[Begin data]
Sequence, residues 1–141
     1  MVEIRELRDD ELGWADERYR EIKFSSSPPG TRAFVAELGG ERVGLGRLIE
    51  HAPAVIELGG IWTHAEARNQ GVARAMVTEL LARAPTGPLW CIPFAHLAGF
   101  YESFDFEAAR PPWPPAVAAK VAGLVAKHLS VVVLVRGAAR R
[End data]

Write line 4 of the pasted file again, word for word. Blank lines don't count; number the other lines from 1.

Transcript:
   101  YESFDFEAAR PPWPPAVAAK VAGLVAKHLS VVVLVRGAAR R